In central Baghdad an explosion in a car park at Iraq's parliament killed at least one person and wounded several others, including a politician, security officials said.
The Taji bombing was the third major attack in the last five days and underscored the fragile state of security as Washington prepares to pull out its remaining 14,500 troops by the end of the year, nearly nine years after the invasion that ousted Saddam Hussein.
The attacker detonated explosives packed into a minibus at the entrance to the base, which houses a jail holding prisoners from al Qaeda, the Mehdi Army militia and other groups, officials and security sources said. Taji is 20 km (12 miles) north of Baghdad.
"Today was the day for the prisoners to meet their families ... At the entrance, there was a minibus driven by a suicide bomber," said a duty officer at the jail. "It entered from the first checkpoint and before the police finished their search this guy drove quickly inside the base and blew it up."
Baghdad's security operations center said the blast killed 19 people, including 11 jail guards, and wounded 24 others.
Two other people were missing, security sources said.
Violence has dropped sharply since the peak of sectarian slaughter in 2006-07. But Iraqi security forces still struggle to contain daily attacks by Sunni Muslim insurgents tied to al Qaeda and rival Shi'ite Muslim militias.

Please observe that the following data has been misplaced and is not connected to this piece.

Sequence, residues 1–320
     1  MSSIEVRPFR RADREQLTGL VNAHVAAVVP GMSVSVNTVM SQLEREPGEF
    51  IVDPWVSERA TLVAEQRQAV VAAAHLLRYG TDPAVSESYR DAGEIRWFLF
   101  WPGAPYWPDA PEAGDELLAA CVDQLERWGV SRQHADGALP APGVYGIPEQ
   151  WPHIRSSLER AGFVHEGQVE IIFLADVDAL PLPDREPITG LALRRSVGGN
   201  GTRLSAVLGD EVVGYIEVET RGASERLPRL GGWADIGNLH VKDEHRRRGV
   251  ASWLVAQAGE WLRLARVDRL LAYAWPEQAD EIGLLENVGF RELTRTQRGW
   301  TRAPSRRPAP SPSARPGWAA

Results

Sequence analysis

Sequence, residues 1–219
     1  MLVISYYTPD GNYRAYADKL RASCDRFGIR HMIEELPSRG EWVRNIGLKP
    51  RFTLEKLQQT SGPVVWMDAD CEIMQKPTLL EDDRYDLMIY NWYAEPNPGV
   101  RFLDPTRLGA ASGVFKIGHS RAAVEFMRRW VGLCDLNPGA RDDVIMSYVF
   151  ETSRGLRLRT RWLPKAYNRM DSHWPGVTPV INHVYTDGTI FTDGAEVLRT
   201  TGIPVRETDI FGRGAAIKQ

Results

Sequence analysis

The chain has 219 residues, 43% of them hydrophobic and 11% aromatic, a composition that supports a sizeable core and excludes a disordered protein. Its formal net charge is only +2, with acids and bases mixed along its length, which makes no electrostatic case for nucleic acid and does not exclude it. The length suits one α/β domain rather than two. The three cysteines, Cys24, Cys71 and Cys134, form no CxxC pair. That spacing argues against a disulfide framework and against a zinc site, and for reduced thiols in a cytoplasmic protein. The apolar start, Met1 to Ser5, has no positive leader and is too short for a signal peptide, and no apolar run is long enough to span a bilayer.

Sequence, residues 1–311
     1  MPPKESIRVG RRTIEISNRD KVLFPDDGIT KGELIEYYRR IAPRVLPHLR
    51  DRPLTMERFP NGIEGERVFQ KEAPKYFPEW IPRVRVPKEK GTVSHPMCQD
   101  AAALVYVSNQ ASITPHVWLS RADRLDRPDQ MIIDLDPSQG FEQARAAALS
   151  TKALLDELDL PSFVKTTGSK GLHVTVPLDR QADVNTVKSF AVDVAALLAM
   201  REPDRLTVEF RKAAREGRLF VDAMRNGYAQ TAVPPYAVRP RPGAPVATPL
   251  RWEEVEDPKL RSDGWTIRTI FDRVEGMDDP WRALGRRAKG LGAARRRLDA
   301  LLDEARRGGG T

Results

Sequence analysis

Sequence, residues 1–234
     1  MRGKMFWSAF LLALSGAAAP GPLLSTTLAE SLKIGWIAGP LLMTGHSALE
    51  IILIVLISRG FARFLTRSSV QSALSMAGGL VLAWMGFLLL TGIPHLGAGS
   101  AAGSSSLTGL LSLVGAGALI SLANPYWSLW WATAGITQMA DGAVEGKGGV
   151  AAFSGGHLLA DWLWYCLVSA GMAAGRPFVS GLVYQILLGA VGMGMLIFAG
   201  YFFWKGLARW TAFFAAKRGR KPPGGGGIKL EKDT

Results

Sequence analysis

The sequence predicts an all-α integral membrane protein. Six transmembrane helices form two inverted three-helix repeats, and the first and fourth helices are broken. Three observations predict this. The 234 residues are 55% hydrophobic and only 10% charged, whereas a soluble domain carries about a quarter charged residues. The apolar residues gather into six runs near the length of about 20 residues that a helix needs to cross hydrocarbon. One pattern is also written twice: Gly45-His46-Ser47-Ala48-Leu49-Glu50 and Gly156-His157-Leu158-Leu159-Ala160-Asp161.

Militants launch scores of bombings and other attacks every month. According to official government figures, 161 civilians were killed in violence in October, the highest toll of the year, along with 97 police and soldiers.
Iraqi and U.S. military officials have said Iraq may see an increase in attacks as American troops depart. Soldiers and police are frequent targets.
The explosion in the parking lot of the Iraqi parliament was caused by a mortar round, said Baghdad security spokesman Qassim al-Moussawi and several other sources. However, at least two sources at parliament said it was a car bomb.
Militants frequently lob mortars and rockets at Baghdad's heavily fortified Green Zone, which houses parliament, ministries and foreign embassies.
Two security sources said the blast killed one person and wounded six others. Two other police sources said three people died and nine were wounded.
Among those hurt was lawmaker Muayad al-Tayyeb, the spokesman for the Kurdish bloc in parliament, one of his colleagues said.
On Saturday attackers struck two areas around the Iraqi capital, killing at least 13 people and wounding more than 20 others. In the southern oil hub of Basra on Thursday three bombs exploded in a busy market, killing 21 and wounding 80.
The town of Taji, the site of a major Iraqi military base, was hit by bombers in July, when two blasts in the parking lot of a municipal government building killed at least 28 people and wounded scores of others.
On November 14, seven rockets landed in or near the U.S. military's Kalsu base near Iskandariya, 40 km (25 miles) south of Baghdad, wounding two Iraqi civilians living near the base, local police said.